University of Missouri

Speedy Dimetrios Mason generates buzz at Mizzou camp

Mizzou's Barry Odom on WR Nate Brown's ankle injury

First-year Missouri coach Barry Odom discuss the announcement Wednesday that junior wide receiver Nate Brown would miss 6 to 8 weeks with a high ankle sprain after practice in Columbia. Brown stuff for the injury Monday during practice.
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First-year Missouri coach Barry Odom discuss the announcement Wednesday that junior wide receiver Nate Brown would miss 6 to 8 weeks with a high ankle sprain after practice in Columbia. Brown stuff for the injury Monday during practice.

Roughly 36 hours before signing day last February, South Alabama decided Dimetrios Mason no longer fit into its plans.

It turned out to be a stroke of good fortune for Missouri.

Central Michigan, Alabama-Birmingham and Indiana also expressed interest when Mason became available again, but he committed on the spot when Tigers co-defensive coordinator/safeties coach Ryan Walters called to offer a scholarship.

“I was scared at the beginning, but I’ve just got a lot of faith,” Mason said.

As it turns out, the Jaguars pulling his scholarship might have been the best thing for Mason, who played his senior season at Grayson High in Loganville, Ga.

Missouri freshman wide receiver Dimetrios Mason talks about Saturday's scrimmage and his performance during fall camp. Mason, who was a late addition to the Tigers' 2016 recruiting class, has generated a lot of buzz with his speed and playmaking a

“Coach Walters showed a lot of faith in me,” Mason said. “My coaches at school (especially wide receivers coach Kenyatta Watson) told him I was a good student and player, so he took a chance on me.”

It’s a chance that is paying handsome dividends early in camp for Mizzou.

If there was an award for generating buzz in fall camp, Mason would win the Tigers’ award this season by a landslide.

Players and coaches raved about Mason’s two-touchdown performance Saturday in the Missouri’s first scrimmage of fall camp, but they weren’t shocked already having witnessed it every day in practice.

“He’s fun to watch,” sophomore quarterback Drew Lock said. “Sometimes, when he takes reps with (sophomore quarterbacks) Marv (Zanders) or Jack (Lowary), we’ll see a play and I’ll look over at (new offensive coordinator Josh) Heupel and he’ll be looking at me at the same time, like, ‘What the heck is going on with this kid?’ 

Mason played cornerback, wide receiver and returned kickoffs at Grayson after transferring from George Walton Academy in Monroe, Ga., and displayed an incredible nose for end zone.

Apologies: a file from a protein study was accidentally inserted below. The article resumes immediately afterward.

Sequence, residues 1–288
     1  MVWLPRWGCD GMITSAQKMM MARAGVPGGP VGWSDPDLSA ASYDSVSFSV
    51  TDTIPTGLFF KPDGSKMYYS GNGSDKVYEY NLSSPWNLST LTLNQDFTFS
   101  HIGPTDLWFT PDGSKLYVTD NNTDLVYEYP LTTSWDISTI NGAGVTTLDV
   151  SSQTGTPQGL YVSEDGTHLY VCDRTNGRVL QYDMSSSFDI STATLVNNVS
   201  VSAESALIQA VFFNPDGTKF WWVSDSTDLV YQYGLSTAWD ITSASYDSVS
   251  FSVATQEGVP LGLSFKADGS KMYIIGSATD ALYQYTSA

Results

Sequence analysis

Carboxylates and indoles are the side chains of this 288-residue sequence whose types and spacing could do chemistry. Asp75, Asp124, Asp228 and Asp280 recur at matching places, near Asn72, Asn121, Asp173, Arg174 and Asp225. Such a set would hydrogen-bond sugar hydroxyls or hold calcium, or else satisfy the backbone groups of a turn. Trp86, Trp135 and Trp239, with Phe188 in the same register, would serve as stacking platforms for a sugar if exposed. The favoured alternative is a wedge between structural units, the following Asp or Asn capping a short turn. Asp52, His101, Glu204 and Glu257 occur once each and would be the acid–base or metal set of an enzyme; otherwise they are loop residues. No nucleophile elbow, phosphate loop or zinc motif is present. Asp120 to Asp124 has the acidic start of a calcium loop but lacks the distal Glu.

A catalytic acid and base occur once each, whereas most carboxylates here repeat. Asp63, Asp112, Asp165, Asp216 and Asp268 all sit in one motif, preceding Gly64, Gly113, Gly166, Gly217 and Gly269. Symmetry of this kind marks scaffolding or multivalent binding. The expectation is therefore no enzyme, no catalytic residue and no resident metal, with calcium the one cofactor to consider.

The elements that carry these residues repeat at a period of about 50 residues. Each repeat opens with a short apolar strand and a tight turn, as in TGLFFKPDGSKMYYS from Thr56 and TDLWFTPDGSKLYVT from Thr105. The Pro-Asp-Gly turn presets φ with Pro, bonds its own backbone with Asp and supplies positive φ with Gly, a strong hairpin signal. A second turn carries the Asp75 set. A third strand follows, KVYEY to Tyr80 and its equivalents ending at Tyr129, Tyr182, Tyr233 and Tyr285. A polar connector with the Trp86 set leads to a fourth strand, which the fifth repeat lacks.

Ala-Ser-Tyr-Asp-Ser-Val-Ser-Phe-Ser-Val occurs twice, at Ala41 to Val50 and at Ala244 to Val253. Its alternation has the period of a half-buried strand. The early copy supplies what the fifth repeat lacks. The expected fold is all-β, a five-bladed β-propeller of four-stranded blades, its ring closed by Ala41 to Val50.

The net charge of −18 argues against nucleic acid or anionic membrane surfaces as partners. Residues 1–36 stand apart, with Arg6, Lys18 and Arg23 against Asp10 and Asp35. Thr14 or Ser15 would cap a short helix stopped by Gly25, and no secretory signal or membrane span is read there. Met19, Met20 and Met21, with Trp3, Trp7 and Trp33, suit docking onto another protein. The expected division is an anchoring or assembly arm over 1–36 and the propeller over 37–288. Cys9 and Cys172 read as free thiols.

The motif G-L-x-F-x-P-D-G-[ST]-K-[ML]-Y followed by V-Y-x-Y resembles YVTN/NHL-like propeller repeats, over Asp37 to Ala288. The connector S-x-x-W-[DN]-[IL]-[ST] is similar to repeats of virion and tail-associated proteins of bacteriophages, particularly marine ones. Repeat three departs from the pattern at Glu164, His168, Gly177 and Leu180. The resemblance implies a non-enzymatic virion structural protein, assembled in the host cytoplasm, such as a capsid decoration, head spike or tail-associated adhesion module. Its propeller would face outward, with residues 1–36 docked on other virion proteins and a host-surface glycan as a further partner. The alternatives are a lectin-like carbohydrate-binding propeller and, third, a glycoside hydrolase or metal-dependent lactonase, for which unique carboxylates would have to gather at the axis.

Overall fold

Last season he scored special-teams touchdowns as a kick returner, on defense off an interception, notched a rushing touchdown on a jet sweep and also hauled in a few receiving touchdowns.

Bringing that point-producing ability to field for Mizzou is Mason’s primary objective.

“Every chance I get, I’m going to try to make the big play,” Mason said. “I don’t really think about the negative. I just think about scoring all the time. I feel like, in our offense, I could score at any point in time.”

Mason, who is also working as a punt and kick returner, started at cornerback when he arrived at Mizzou, but a few weeks later he was moved to wide receiver and has really turned heads.

“It came down to an arm-wrestling match, and Heupel beat Walters,” first-year Tigers coach Barry Odom joked.

Truth be told, Missouri simply needs more dynamic playmakers on offense and there was a hope Mason — red-tipped dreadlocks and all — might fit the bill.

“We saw a talent there with the ball in his hands,” wide receivers coach Andy Hill said. “We watched him and, at the time, we were looking for some guys to develop. We knew we had some speed and looked good with the ball in his hands in his high school video, so all the guys on offense pushed for it. Not many guys come out as a freshman like he has. He’s got a special gear.”

Mason sat out his junior season in high school, and that lost season is a big reason Mason and his blazing speed — he said he runs a 4.38-second 40-yard dash — flew under the radar during recruiting.

Out on the Kadlec Athletic Fields, where Missouri practices most days, he’s no longer under the radar.

“He flies,” Lock said. “You almost think you should see him on the TV in the Olympics, turning corners in the 400 (meters) or whatnot. The dude can run, so that’s exciting to see.”

More than a special gear, Mason’s also got a special nickname, “K9,” which has precious little to do with his jersey number (though he does wear No. 9, once popularized by Chiefs star Jeremy Maclin).

“It’s because I’m a dog,” Mason said. “I’m a dog when I get on the field.”

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